Thursday, November 3, 2011

Israeli attack on Iran may be imminent

As Iran inches toward production of nuclear weapons, speculation is growing that Israel may be preparing to launch a pre-emptive strike against Iranian nuclear facilities. Middle East observer Joel Rosenberg notes on his Flash Traffic blog that recent comments by Israeli Prime Minister Benjamin Netanyahu before the Knesset, the Israeli legislature, may hint that Israel’s patience with diplomacy is coming to an end.

As quoted on Flash Traffic, Netanyahu said, ““If I had to summarize what will happen in our region, I would use two terms: instability and uncertainty.” He continued, “The collapse of Gaddafi’s regime in Libya, the bloody incidents in Syria, the American forces leaving Iraq, the new government in Tunisia, the upcoming elections in Egypt and many other events – these are all expressions of the immense changes occurring around us. These changes can increase the instability within these countries, and the instability between countries….A nuclear Iran would pose a terrible threat on the Middle East and on the entire world. And of course, it poses a great, direct threat on us too….A security philosophy cannot rely on defense alone. It must also include offensive capabilities, which is the very foundation of deterrence. We operate and will continue to operate intensely and determinately against those who threaten the security of the State of Israel and its citizens. Our policy is guided by two main principles: the first is ‘if someone comes to kill you, rise up and kill him first,’ and the second is ‘if anyone harms us, his blood is on his own hands.’”

Rosenberg also cites an October 31 article on the Israeli news site which reports that the Obama Administration is pressuring the U.N. for new sanctions on Iran in order to preclude an Israeli strike. The U.S. diplomatic effort was prompted by an IAEA report that showed significant progress in the Iranian nuclear program.

Israel has ample reason to believe that Iran would not hesitate to use nuclear weapons to attack the Jewish state if it is able to produce them. Iran’s rhetoric has long stated its intention to wipe Israel off the map. Iranian surrogates such as Hezbollah and Hamas have been launching rocket attacks on Israeli cities with conventional warheads for years. These attacks led to the recent wars in Lebanon and Gaza as Israel sought to stop these launches.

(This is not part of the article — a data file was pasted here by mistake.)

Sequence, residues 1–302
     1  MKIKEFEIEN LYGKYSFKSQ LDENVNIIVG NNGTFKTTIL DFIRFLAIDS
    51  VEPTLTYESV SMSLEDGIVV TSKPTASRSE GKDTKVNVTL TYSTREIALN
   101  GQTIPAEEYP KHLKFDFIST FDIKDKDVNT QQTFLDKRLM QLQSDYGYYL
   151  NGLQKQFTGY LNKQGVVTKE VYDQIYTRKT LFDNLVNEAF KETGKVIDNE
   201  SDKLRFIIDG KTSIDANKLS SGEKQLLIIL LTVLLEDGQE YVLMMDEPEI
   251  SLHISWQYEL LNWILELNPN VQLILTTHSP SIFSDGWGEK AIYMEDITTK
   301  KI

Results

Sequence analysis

Israel is widely believed to be responsible for covert attacks against the Iranian nuclear program over the past few years. These attacks include assassinations of leading Iranian nuclear scientists and a cyber attack on Iranian computer systems using the Stuxnet virus.

Israel successfully destroyed an Iraqi nuclear reactor in 1981 that was the heart of Saddam Hussein’s nuclear weapons program. The attack involved an airstrike on the Osirak reactor outside Baghdad using F-16 Falcon fighter-bombers. The attacking Israeli force did not lose a single plane.

A similar attack on Iran would be much more difficult. Where Iraq’s nuclear facilities were concentrated around Baghdad, the Iranian facilities are dispersed around the country in at least nine separate locations according to a Congressional Research Service report. An attack on Iran would also require attacking planes to travel much farther, refueling from tankers in the air, and traversing several hostile countries, which would increase the risk of detection.

Israel reportedly tested a new long-range missile on November 2, 2011 that is capable of striking targets in Iran with a nuclear warhead. Using the new “Jericho” missile would eliminate many of the risks that a strike with manned aircraft would entail. A nuclear strike would be most likely to destroy the Iranian facilities, but would open Israel to world condemnation. A conventional missile strike would be far less certain, but might be coupled with a strike by manned aircraft.

A nuclear-armed Iran could conceivably threaten the southeastern United States as well as Israel. Iran has experimented with launching SCUD missiles from cargo ships. With a range of almost 450 miles according to the Federation of American Scientists, if SCUDs were launched from ships in international waters most of the large cities on the east coast would be within range and warning time would be minimal. A missile launched hundreds of miles off the Georgia coast could target Atlanta.

Iran also has a close relationship with Venezuelan dictator Hugo Chavez. In a move reminiscent of the Cuban missile crisis, Iran might base longer range ballistic missiles in Venezuela. Iran’s long range Shahab-5 and -6 ICBMs have a range in excess of 4,000 miles according to the FAS which would put most of the continental U.S, from Boston to Seattle with their range. The Shahab could be used for direct attacks on American cities or an electromagnetic pulse (EMP) attack that could destroy much of the electrical grid across the United States, plunging the country into chaos.

Because of the secrecy surrounding the Iranian nuclear program, it is impossible to know with any certainty just how long it will be before Iran produces an operational nuclear weapon. The one certainty is that time is running out. If the Iranians are to be prevented from becoming a nuclear power, someone, most likely Israel or the United States, must take action soon. The choice may be between a conventional Middle East war in the short term or a nuclear war in the long term.

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